In March 1946, an agreement was signed with the British Government, under which the Ministry of Transport would supply a number of older passenger liners to transport Britons wishing to migrate to Australia. The first departure under this arrangement was made on 10 October 1947 by Ormonde from Tilbury, carrying 1,052 new settlers.
When insufficient Britons applied to migrate the Government started looking elsewhere, primarily in Greece and Italy, and then suitable refugees who thronged the displaced persons camps in Europe. In July 1947, the Australian Government agreed with the International Refugee Organisation (IRO) in Geneva to accept 12,000 displaced persons per year, which number greatly increased later. . A new contract signed in 1952 with the Intergovernmental Committee for European Migration (ICEM), whose ships were of a better caliber than the IRO vessels had been, but the number of Europeans seeking to migrate to Australia was declining. The only countries to supply migrants to Australia in large numbers were Italy and Greece, and they mostly travelled out on the liners of such companies as Lloyd Triestino, Flotta Lauro and Chandris Line.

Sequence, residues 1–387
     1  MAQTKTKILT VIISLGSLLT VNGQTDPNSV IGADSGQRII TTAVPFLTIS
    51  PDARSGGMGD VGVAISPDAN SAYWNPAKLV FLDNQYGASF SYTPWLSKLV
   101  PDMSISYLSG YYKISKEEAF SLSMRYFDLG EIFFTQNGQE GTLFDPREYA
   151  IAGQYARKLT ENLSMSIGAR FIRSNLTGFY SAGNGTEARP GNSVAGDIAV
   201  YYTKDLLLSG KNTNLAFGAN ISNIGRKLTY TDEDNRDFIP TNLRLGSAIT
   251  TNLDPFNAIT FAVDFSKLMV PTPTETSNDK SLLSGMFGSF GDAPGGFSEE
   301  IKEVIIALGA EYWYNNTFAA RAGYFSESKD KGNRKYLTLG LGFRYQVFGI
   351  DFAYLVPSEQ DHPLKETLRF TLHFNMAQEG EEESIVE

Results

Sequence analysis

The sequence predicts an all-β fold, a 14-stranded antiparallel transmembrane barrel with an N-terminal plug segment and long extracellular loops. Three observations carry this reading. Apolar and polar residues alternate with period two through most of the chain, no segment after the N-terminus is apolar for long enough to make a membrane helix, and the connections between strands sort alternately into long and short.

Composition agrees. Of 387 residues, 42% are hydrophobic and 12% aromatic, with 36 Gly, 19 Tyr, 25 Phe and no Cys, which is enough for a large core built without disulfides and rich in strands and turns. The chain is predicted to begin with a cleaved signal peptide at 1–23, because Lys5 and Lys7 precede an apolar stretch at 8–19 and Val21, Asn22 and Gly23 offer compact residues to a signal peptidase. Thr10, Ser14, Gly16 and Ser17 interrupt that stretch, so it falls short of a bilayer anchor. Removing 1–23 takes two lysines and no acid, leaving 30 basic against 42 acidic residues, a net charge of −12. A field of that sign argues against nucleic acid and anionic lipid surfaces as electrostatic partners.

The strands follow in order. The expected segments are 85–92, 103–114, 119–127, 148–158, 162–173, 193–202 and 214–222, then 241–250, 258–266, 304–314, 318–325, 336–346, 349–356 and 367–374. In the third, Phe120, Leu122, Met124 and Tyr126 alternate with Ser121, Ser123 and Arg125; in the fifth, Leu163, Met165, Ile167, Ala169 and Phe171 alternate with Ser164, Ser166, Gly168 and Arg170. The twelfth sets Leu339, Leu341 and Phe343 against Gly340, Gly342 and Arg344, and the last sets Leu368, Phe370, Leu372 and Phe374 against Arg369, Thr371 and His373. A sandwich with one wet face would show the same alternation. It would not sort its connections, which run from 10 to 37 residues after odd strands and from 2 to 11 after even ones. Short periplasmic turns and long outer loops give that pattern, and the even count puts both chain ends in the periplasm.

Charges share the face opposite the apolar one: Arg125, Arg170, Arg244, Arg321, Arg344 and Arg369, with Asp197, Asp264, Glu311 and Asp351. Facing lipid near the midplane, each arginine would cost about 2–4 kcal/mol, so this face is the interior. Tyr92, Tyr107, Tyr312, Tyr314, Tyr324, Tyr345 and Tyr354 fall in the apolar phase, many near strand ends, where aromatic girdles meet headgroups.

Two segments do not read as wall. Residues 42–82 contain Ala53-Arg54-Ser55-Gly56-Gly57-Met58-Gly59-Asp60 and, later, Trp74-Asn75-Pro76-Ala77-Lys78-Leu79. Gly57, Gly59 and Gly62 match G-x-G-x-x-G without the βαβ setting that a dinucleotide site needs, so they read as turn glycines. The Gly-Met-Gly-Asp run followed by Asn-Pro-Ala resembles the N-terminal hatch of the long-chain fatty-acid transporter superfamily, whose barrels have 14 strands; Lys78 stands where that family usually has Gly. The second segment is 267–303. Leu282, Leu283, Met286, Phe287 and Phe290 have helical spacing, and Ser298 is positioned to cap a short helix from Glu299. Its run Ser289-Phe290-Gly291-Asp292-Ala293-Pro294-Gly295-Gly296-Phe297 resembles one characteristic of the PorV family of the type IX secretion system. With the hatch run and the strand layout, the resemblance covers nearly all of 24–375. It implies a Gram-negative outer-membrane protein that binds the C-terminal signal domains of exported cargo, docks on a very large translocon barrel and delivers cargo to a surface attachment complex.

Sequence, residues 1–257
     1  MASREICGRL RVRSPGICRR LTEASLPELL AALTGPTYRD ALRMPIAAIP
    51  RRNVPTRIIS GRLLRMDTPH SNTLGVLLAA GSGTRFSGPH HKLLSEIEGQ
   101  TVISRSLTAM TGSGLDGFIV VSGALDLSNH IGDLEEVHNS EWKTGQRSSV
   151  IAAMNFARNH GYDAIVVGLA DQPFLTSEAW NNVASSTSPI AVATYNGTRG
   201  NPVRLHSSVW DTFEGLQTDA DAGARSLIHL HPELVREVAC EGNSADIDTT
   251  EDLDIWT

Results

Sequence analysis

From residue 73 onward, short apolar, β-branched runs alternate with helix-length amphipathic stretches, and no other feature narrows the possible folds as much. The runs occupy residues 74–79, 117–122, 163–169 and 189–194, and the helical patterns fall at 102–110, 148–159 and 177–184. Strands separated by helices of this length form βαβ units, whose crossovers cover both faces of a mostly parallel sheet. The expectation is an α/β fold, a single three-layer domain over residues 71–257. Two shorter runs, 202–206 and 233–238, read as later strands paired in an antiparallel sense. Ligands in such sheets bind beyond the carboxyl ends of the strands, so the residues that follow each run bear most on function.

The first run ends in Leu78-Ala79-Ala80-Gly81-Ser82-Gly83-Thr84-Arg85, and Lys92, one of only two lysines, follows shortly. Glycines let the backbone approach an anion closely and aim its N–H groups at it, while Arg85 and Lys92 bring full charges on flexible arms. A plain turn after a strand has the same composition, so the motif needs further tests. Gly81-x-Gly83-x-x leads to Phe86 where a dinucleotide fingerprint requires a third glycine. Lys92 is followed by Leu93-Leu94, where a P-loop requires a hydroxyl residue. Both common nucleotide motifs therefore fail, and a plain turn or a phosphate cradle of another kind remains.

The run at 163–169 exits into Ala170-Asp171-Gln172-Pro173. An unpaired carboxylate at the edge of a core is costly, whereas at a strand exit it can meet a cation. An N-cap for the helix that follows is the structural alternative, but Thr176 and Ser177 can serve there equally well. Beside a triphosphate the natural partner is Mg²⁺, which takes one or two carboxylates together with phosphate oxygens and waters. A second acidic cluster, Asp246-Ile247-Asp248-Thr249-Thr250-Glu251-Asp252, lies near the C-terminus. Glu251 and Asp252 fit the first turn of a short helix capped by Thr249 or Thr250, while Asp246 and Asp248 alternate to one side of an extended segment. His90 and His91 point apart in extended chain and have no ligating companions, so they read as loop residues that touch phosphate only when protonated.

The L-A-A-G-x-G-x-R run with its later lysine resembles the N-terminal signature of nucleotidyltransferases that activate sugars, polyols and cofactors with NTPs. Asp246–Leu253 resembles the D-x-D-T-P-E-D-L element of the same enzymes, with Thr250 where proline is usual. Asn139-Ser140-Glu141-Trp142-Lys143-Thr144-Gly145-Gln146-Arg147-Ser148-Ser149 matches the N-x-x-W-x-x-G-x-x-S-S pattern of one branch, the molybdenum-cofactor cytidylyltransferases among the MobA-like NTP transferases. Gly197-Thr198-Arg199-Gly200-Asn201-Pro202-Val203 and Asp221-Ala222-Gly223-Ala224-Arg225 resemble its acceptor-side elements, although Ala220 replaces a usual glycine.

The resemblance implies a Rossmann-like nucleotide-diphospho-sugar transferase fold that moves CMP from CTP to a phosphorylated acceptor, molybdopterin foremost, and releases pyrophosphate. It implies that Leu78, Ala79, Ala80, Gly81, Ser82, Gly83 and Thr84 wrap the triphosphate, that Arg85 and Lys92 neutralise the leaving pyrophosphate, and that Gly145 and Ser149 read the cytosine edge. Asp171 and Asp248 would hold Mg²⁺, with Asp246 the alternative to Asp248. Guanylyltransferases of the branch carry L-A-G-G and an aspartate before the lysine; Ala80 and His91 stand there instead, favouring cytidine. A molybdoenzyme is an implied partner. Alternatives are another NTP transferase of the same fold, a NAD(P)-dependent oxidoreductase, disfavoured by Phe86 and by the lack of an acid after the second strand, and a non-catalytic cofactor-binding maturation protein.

Assisted migrants from Britain continued to be transported in old Ministry of Transport vessels until 1957, after which they were carried in the tourist class accommodation of British liners on a regular service to Australia. From 1955 to 1970, the vessels of the Sitmar Line carried thousands of British migrants to Australia, but then the contract was transferred to the Greek owned Chandris Line.